Astronomy and Astrophysics, volume 589A, 126-126 (2016/5-1)
Level of helium enhancement among M3's horizontal branch stars.
VALCARCE A.A.R., CATELAN M., ALONSO-GARCIA J., CONTRERAS RAMOS R. and ALVES S.
Abstract (from CDS):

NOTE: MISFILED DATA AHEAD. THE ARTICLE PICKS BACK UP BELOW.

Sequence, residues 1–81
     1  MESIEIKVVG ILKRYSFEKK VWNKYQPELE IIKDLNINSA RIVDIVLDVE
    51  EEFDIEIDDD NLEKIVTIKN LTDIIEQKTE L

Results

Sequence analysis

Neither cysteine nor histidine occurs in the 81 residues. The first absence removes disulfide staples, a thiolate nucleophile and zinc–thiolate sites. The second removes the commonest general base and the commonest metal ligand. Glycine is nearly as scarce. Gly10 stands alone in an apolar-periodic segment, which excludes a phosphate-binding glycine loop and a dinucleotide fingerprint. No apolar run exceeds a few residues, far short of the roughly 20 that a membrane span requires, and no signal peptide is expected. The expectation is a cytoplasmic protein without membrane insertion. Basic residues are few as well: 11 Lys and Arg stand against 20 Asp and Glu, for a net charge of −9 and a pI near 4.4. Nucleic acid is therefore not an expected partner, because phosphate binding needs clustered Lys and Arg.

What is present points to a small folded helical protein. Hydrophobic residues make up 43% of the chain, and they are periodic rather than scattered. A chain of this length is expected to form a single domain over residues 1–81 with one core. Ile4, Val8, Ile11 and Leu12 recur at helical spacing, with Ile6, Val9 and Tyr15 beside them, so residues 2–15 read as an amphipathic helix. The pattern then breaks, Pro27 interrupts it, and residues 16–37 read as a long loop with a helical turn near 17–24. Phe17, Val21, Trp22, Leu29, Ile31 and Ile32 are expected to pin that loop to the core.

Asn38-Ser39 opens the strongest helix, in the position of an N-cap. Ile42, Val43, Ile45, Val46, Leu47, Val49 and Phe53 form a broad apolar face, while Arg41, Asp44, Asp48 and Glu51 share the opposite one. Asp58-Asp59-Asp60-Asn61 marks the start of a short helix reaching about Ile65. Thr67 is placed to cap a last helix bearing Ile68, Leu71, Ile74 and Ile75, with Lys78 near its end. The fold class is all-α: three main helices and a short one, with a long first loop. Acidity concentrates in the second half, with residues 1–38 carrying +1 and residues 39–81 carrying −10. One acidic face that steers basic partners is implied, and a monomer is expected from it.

Context. The color and luminosity distribution of horizontal branch (HB) stars in globular clusters (GCs) are sensitive probes of the original helium abundances of those clusters. In this sense, recently the distributions of HB stars in GC color-magnitude diagrams (CMDs) have been extensively used as indicators of possible variations in the helium content Y among the different generations of stars within individual GCs. However, recent analyses based on visual and near-ultraviolet (UV) CMDs have provided conflicting results. Aims. To clarify the situation, we address the optimum ranges of applicability (in terms of the Teff range covered by the HB stars) for visual and near-UV CMDs, as far as application of this "HB Y test" goes. Methods. We considered both Stromgren and Hubble Space Telescope (HST) bandpasses. In particular, we focus on the F336W filter of the HST, but also discuss several bluer UV bandpasses, such as F160BW, F255W, and F300W. Using the Princeton-Goddard-PUC (PGPUC) code, we computed a large set of zero-age HB (ZAHB) loci and HB evolutionary models for masses ranging from MHB=0.582 to 0.800M☉, assuming an initial helium abundance Y=0.246, 0.256, and 0.266, with a global metallicity Z=0.001. The results of these calculations were compared against the observations of M3 (NGC 5272), with special attention on the y vs. (b-y) and F336W vs. (F336W-F555W) CMDs. Results. Our results indicate that, from an evolutionary perspective, the distributions of HB stars in the y vs. (b - y) plane can be a reliable indicator of the He content in cool blue HB (BHB) stars, particularly when a differential comparison between blue and red HB stars is carried out in the range Teff <= 8300 K. Conversely, we demonstrate that CMDs using the F336W filter have a much less straightforward interpretation at the cool end of the BHB because the distributions of HB stars in the F336W vs. (F336W-F555W) plane, for instance, are affected by a triple degeneracy effect. In other words, the position of an HB star in such a CMD is exactly the same for a given chemical composition for multiple combinations of the parameters Y, MHB, and age along the HB evolutionary track. Other HST UV filters do not appear to be as severely affected by this degeneracy effect, to which visual bandpasses are also immune. On the other hand, such near-UV CMDs can be extremely useful for the hottest stars along the cool BHB end. Conclusions. Based on a reanalysis of the distribution of HB stars in the y vs. (b-y) plane, we find that the coolest BHB stars in M3 (i.e., those with Teff<8300K) are very likely enhanced in helium by ΔY≃0.01, compared with the red HB stars in the same cluster. Using near-UV HST photometry, on the other hand, we find evidence of a progressive increase in Y with increasing temperature, reaching ΔY≃0.02 at Teff≃10900K.